Development cost does impact prioritisation.
Like it or not, software development estimates have a pretty high error rate. Even if requirements stay relatively stable, the complexity and rate of change of software makes estimation very difficult. Many organisations have estimation methodologies that can prove quite good for a complete project, but even then it's likely that some requirements will take twice as long as expected and others half as long. Many feature prioritisation decisions are made with an explicit awareness or implicit assumption of development cost. If the costing changes, the prioritisation may change too - for example, if feature A is cheap then it's really important, but if it turns out to be really expensive then the business may decide that features B, C, D and E are more appropriate. Agile projects allow updated costing information to be made available, and decisions made, in real-time. In a waterfall project the scoping and prioritisation decisions are generally set in stone before accurate costing is possible, and a blow-out in one feature can blow out the entire schedule.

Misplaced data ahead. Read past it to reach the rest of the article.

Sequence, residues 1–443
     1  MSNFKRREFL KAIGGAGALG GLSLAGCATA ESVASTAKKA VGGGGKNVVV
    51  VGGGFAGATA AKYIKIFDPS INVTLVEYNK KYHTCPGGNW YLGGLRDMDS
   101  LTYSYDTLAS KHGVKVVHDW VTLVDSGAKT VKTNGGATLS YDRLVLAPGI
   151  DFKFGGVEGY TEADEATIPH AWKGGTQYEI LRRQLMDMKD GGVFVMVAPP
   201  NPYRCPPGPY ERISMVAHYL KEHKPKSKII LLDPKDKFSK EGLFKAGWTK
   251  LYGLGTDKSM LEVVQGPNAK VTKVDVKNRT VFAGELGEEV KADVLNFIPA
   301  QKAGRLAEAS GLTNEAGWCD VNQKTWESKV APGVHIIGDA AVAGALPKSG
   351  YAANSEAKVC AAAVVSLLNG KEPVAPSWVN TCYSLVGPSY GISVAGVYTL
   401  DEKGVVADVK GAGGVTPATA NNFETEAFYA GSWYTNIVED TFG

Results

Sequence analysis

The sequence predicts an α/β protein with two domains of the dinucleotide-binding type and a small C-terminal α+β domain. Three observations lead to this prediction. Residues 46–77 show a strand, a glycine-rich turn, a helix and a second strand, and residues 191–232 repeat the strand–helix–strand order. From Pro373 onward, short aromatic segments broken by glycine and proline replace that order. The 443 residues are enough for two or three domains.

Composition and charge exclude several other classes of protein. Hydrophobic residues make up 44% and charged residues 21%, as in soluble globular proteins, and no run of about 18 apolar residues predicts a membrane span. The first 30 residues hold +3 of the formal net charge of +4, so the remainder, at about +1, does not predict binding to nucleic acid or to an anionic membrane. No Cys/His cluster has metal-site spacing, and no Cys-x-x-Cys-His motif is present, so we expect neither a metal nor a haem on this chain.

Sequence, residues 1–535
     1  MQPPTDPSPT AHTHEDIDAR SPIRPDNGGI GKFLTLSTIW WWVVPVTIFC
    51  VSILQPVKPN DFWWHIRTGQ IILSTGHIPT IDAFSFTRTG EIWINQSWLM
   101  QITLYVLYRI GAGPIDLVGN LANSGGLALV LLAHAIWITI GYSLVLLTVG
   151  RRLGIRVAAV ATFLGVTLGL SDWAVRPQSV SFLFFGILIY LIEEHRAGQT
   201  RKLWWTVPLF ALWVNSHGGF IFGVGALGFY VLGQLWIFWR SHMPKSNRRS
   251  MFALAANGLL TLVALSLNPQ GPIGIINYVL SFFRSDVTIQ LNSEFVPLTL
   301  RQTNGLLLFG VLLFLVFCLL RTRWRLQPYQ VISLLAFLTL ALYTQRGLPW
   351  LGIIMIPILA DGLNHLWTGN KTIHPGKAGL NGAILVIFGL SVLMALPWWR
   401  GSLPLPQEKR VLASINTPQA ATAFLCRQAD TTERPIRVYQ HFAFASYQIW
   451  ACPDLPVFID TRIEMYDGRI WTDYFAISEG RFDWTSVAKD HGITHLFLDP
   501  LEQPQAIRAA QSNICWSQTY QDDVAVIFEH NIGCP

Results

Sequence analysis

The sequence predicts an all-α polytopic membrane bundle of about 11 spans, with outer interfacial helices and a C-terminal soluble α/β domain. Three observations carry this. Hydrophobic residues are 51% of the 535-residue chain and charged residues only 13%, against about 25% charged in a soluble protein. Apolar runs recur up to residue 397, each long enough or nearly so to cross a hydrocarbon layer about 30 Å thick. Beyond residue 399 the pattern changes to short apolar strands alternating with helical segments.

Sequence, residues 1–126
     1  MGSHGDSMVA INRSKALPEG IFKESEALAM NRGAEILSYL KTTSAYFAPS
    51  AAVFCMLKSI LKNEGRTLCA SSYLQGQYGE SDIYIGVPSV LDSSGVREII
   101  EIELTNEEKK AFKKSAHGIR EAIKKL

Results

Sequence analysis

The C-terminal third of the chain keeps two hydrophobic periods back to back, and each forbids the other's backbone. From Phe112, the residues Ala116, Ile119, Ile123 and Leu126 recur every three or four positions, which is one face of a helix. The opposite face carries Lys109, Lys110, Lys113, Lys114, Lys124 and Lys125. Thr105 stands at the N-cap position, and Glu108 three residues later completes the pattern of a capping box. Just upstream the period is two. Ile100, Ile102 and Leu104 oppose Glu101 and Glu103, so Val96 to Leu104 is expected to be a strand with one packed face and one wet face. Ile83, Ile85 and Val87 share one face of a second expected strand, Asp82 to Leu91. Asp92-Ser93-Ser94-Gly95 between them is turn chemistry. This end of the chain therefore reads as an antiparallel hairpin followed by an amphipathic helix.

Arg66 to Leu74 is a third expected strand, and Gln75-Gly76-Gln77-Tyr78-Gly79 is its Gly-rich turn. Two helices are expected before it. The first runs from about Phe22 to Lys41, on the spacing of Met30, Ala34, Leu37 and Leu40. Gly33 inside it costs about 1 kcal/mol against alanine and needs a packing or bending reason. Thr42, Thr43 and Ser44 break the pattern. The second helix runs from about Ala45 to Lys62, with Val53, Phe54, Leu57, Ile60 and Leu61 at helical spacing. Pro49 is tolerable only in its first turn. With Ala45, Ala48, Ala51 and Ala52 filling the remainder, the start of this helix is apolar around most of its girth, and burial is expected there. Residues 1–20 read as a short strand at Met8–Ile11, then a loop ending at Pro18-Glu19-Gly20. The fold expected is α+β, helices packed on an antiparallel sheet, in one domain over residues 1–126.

When you've gotta ship, you've gotta ship.
Every project has a budget. While some projects are in a better position to secure additional funding than others, no project stakeholder wants to go back to their superiors and explain that the money has run out and they have nothing to show for it. Imagine needing to report one of the following possible outcomes at the time that funding for a project runs out:
Obviously everybody would want to go to the board with outcome 1, but if the estimates were inaccurate or the scope changes, outcome 2 will certainly look better on your performance review than outcome 3 - especially if the additional $x is not forthcoming.
So what's the bottom line? A customer working with a high quality agile development team:
Who could ask for anything more?
I think you're spot on. I made the agile switch four years ago and my client relationships have never been better. I think a big element in client satisfaction is the level of control that they enjoy and it doesn't hurt that they get to know the team through working with them daily. Daily interaction with the programmers gives the development team more credibility and allows human relationships to form, which tend to smooth over technical trouble spots through the growth of teamwork and mutual goodwill.
Tom Hollander wrote about why your customers will love agile (even if they think they hate it) last week,